Today is about building trust, ownership, and community in our workshop. It’s about establishing who we are as humans/writers/a group and why we write. This is our chance to set the tone.
Write about yourself. [Who are you? Why do you write?]
Target exercise ideas
- To go deep, students have to get vulnerable, and that takes norming and boundaries. Do the target circle exercise together to establish the culture of your workshop—then use it in all the weeks that follow! Build on it, point back to it, use it as a reminder. Watch this how-to video from our former executive director, Jo Dasher:
- Another way to get ideas going for norming your workshop space is to let kids respond to scenarios, such as: “When we have an idea, but don’t feel comfortable sharing it out loud, we can”; “When someone says something that we appreciate, we can”. Find lots more options near the end of this resource library from Facing History and Ourselves.
- What do you want to know about your kids? Use today as way to find answers to these questions. What interests them? What do they want write about in Deep? Make these these ice-breakers. Get moving! Stand up and toss a squishy ball or stuffed animal to each person as they answer.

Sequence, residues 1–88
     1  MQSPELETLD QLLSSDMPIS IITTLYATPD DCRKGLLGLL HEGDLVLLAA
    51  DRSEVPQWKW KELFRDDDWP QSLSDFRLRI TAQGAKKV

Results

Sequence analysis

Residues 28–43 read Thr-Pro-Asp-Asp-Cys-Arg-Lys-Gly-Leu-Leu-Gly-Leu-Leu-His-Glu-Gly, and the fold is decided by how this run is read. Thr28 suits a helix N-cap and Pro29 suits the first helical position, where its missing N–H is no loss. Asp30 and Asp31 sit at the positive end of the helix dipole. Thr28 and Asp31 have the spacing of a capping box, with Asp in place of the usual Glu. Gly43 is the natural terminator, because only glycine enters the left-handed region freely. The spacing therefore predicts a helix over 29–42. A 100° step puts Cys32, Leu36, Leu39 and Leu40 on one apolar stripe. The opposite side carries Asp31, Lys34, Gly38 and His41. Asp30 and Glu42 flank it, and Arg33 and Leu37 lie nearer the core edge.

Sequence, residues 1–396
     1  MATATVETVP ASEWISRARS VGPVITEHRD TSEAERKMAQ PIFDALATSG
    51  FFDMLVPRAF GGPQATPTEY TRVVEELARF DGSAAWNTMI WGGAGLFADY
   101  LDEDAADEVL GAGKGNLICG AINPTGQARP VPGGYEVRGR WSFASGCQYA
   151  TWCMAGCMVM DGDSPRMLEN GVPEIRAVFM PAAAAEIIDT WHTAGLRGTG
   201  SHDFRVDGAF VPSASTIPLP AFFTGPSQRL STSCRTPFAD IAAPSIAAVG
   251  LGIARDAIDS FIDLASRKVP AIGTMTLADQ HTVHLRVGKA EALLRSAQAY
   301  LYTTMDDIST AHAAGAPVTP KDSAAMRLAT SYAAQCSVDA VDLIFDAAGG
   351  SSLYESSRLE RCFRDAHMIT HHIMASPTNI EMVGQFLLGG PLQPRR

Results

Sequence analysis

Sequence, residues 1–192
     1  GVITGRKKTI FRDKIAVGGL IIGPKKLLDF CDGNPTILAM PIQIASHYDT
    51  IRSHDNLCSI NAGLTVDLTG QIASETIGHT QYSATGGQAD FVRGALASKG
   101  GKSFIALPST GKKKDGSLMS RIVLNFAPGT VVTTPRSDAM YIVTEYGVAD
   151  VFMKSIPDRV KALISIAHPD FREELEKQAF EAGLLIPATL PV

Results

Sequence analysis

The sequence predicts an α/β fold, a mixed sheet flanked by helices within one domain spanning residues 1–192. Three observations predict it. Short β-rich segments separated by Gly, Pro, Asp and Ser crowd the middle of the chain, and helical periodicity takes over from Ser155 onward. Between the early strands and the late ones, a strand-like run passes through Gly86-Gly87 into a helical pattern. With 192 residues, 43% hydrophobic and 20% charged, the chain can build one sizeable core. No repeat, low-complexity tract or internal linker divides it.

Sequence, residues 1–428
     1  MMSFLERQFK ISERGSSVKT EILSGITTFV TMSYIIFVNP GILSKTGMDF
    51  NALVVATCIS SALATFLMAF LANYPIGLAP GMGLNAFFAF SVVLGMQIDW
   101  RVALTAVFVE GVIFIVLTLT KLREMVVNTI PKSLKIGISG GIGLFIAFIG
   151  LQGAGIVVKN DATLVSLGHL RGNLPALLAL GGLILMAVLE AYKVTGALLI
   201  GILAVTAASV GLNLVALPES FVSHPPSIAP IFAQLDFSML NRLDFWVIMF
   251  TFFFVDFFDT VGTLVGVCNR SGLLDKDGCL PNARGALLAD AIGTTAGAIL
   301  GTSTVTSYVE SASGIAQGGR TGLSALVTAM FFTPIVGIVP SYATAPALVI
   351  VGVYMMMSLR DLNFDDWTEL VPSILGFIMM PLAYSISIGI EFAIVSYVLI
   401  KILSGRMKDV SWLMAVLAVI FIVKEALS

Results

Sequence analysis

- Consider putting a writing quote on the board each week to get everyone’s head in a writing space.
- Why do you write? On slips of paper, each contribute a line that begins with “I write…”, shuffle papers and distribute anonymously, read as a group to form a collective whole.
- For reference, check out Cure for IDK, pg. 21, 161, 166.
- A: “My Name”, excerpt from The House on Mango Street by Sandra Cisneros
- B: “Why I Write” by Terry Tempest Williams
- C: Autobiographies written in recipe form: “The Mix of Me” by Celeste Sanderson (Deep author), “Me” by Arlaysha Hudson (Deep author)
Writing prompt ideas
- A: Write about your name like Esperanza did. Where did your name come from? How do you like to be called? Do you think it fits you? Why/not? If you could name yourself, what would you pick and why? What does it sound like?
- B: Why do you write? What do you want your writing to do for you? your readers? What do you want to get out of Deep? What do you hope Deep will be?
- C: Write a recipe for yourself. What “ingredients”(personality traits, favorite things, habits—good and bad–, family members, physical attributes, etc) are needed to make you? What should be avoided? Added? How will the maker know when it’s just right? Give specific instructions!
- Since this is your first week together, consider asking everyone share. You’ll probably have time for just one line from everyone. Share your own writing (done outside of workshop time), too, to show you have equal buy-in and are willing to take the same risk you’re asking your kids to take.
- If you run out of sharing time, start with it next week. Sharing is really important for building your group’s sense of community.